The most important odor to manage is one’s body odor. There are severe social consequences of failing to maintain the culturally expected body odor and many individuals who suffer from smell loss therefore are worried about their olfactory appearance. A large proportion of individuals with a diminished sense of smell complain about the difficulties of perceiving their own body odor and the resulting challenges for personal hygiene [70, 115]. Of the subjects in this study, 72% report a change in the perception of their own body odor (Additional file 2). Managing their own body odor without being able to perceive it is challenging (subjects 0004, 0014, 0025, 0087, 0186, 0310, 0335, 0531, 0550, 0589, 0627, 0823, 0829, 0925). The obvious strategy is a rigid personal hygiene regime and to have others help with the assessment of one’s body odors (subjects 0965 and 0984).

Another challenge for those with smell loss, especially for elderly people who live by themselves, is to manage the odor of their homes (subjects 0087, 0310, and 0756):

I lost my sense of smell for no apparent reason five years ago at age 72. I never noticed it until my daughter said my house had a terrible odor and we then discovered a dead rodent that caused the odor. (subject 0449)

Other subjects also report that they could not perceive the foul smell of decay filling their house after an animal died underneath furniture (subjects 0637 and 0874). Living in a house filled with a foul smell can be very embarrassing and the fear of this embarrassment can lead to social isolation when the affected person refuses to let people in their house (subject 0756).

Keeping pets also poses problems for those without a sense of smell:

[As a child] I was told I could have a pet cat as long as I took care of it and one of those responsibilities was to change the cat box as soon as I smelled it. Needless to say I was in constant trouble and was thought to be irresponsible and lazy. Eventually I was able to convince others that I just couldn’t smell. (subject 0014)

… just recently one of our cats urinated on a piece of carpet, and it apparently reeked, and the smell was making my boyfriend nuts, and I couldn’t smell it at all. His reaction to me was complete disbelief, as if I was faking that I couldn’t smell something horrid. (subject 0666)

Other subjects report having not noticed that a dog relieved itself on the floor (subjects 0087 and 0539).

Young children also need olfactory attention. Diapers need to be changed when they are “stinky” (subjects 0004, 0285, 0332, and 0747). Child care is a sensitive subject and parenting without an olfactory system can be anxiety inducing:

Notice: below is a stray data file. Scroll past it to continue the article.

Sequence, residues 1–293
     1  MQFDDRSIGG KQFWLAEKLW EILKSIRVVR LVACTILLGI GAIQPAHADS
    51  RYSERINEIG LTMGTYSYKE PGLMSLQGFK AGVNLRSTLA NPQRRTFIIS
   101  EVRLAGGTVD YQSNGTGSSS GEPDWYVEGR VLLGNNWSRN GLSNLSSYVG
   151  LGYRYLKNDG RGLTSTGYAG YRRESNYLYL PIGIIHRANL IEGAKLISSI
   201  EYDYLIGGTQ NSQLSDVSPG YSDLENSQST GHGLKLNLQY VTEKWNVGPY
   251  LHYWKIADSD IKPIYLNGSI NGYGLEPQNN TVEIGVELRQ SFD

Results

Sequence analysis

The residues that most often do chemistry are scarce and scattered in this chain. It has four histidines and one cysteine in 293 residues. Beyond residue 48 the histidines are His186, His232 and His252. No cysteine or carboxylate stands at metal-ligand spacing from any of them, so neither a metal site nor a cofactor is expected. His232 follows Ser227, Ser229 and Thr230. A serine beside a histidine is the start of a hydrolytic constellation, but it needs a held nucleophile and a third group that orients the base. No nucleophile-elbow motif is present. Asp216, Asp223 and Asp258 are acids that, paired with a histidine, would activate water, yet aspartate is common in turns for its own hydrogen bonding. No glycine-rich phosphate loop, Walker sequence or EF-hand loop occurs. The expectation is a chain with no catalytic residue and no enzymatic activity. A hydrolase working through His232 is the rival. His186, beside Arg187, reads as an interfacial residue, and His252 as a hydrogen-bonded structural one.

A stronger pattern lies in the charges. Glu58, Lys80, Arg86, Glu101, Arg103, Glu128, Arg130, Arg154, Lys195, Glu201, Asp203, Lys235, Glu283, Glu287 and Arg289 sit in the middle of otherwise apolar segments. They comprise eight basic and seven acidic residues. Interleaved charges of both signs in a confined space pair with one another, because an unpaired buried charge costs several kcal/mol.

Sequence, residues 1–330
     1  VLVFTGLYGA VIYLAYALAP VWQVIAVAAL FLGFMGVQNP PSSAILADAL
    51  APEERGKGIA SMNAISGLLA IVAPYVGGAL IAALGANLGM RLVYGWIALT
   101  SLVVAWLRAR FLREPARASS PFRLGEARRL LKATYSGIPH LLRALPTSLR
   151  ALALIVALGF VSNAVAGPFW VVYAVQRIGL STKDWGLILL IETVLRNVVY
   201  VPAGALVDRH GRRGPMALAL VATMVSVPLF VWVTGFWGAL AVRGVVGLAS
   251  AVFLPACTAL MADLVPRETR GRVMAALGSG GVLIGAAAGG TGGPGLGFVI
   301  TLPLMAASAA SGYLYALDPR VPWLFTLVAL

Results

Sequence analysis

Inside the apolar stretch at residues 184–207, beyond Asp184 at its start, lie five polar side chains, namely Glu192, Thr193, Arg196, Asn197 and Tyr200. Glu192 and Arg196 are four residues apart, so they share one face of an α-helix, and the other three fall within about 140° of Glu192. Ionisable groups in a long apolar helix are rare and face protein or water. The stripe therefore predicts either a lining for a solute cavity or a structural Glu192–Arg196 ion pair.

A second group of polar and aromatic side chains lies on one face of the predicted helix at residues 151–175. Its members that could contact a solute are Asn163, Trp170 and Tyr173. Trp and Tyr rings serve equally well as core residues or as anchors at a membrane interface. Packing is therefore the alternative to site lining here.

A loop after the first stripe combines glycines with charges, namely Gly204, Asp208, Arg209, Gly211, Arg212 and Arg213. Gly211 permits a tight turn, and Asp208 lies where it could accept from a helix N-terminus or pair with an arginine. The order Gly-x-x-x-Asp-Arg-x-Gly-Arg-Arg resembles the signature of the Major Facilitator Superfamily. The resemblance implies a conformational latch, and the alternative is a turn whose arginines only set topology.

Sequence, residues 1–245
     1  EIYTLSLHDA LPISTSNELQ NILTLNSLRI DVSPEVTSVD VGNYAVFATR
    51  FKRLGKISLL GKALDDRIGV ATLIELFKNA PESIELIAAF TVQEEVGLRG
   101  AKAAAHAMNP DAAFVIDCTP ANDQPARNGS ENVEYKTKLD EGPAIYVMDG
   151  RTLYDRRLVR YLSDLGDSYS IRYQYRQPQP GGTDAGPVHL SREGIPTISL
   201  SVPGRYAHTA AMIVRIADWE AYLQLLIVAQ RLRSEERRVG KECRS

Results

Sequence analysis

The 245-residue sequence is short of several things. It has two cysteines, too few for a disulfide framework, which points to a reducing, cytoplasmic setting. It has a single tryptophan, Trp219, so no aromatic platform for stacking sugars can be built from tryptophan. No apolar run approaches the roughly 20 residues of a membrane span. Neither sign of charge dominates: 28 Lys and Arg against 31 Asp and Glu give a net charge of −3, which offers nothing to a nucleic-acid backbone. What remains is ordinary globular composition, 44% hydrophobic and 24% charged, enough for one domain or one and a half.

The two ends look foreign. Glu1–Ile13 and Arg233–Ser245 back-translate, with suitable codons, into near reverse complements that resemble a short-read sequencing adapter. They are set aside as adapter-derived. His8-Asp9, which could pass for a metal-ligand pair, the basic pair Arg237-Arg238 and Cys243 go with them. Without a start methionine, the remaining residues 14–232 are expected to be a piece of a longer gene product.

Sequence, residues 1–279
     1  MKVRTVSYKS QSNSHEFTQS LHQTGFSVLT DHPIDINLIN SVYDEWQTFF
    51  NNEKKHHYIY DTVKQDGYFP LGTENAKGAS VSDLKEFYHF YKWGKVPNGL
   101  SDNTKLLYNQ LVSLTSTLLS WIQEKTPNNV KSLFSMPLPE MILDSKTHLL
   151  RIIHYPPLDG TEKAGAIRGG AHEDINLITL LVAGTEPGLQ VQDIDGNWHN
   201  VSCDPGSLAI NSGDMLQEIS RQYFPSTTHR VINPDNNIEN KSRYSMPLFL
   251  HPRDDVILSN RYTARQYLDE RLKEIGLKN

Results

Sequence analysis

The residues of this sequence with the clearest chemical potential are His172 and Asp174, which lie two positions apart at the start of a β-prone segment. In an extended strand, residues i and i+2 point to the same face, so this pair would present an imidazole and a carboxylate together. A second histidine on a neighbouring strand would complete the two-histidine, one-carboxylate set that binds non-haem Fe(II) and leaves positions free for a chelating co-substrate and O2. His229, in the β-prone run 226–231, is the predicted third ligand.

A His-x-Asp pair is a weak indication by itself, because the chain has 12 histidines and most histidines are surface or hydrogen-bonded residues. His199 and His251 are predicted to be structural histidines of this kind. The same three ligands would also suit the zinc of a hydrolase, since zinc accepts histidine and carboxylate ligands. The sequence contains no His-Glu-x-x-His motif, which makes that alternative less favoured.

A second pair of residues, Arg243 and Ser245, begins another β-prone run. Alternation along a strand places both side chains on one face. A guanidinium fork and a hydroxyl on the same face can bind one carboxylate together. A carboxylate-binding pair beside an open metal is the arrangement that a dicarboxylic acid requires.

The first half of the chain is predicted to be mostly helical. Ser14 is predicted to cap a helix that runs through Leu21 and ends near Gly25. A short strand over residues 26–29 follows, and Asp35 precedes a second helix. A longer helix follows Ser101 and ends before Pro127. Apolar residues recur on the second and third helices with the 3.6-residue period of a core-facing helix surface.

Another embarrassing thing I’ve run into was when my last two children were babies — I wouldn’t notice that they had a dirty diaper, of course. […] I remember two different mothers who treated me with great disgust, as if I didn’t care about my child or hygiene, almost as if I were abusive. I had another horrible experience when I apparently left a load of laundry in the washing machine for too long. The head of the day camp where I was sending my daughter took me aside on the third day of the week and asked why I was sending my daughter to camp in clothing that smelled of mildew […] It’s a source of enormous anxiety for me. (subject 0004)

People whose jobs involve odor management like nurses (subjects 0705 and 0782) or building managers (subject 0012) face problems in their professional lives after losing their sense of smell.

In summary, there are several practical challenges of having an olfactory impairment. Problem-focused coping strategies are available for affected individuals [115, 118, 119]. Fire detectors can ease anxiety about undetected fires. There are recipes designed specifically to be enjoyable for those with a reduced sense of smell [125]. Perhaps most importantly, affected individuals can learn to rely on others noses and trust their judgment. However, this social dimension of olfactory impairments causes its own set of problems, which will be discussed in the next section.

Smell loss-induced social isolation

The subjects of this study report that many of the problems that are associated with living with an olfactory dysfunction have to do with the responses by friends and family-members to the condition. It seems to be common to doubt the existence of olfactory dysfunction or to trivialize the condition. This often leads to embarrassment, alienation, anger, and withdrawal on the side of the patient. Half of the subjects report that their condition makes them feel angry (Additional file 2) and 47% report that it makes them feel isolated (Figure 3b).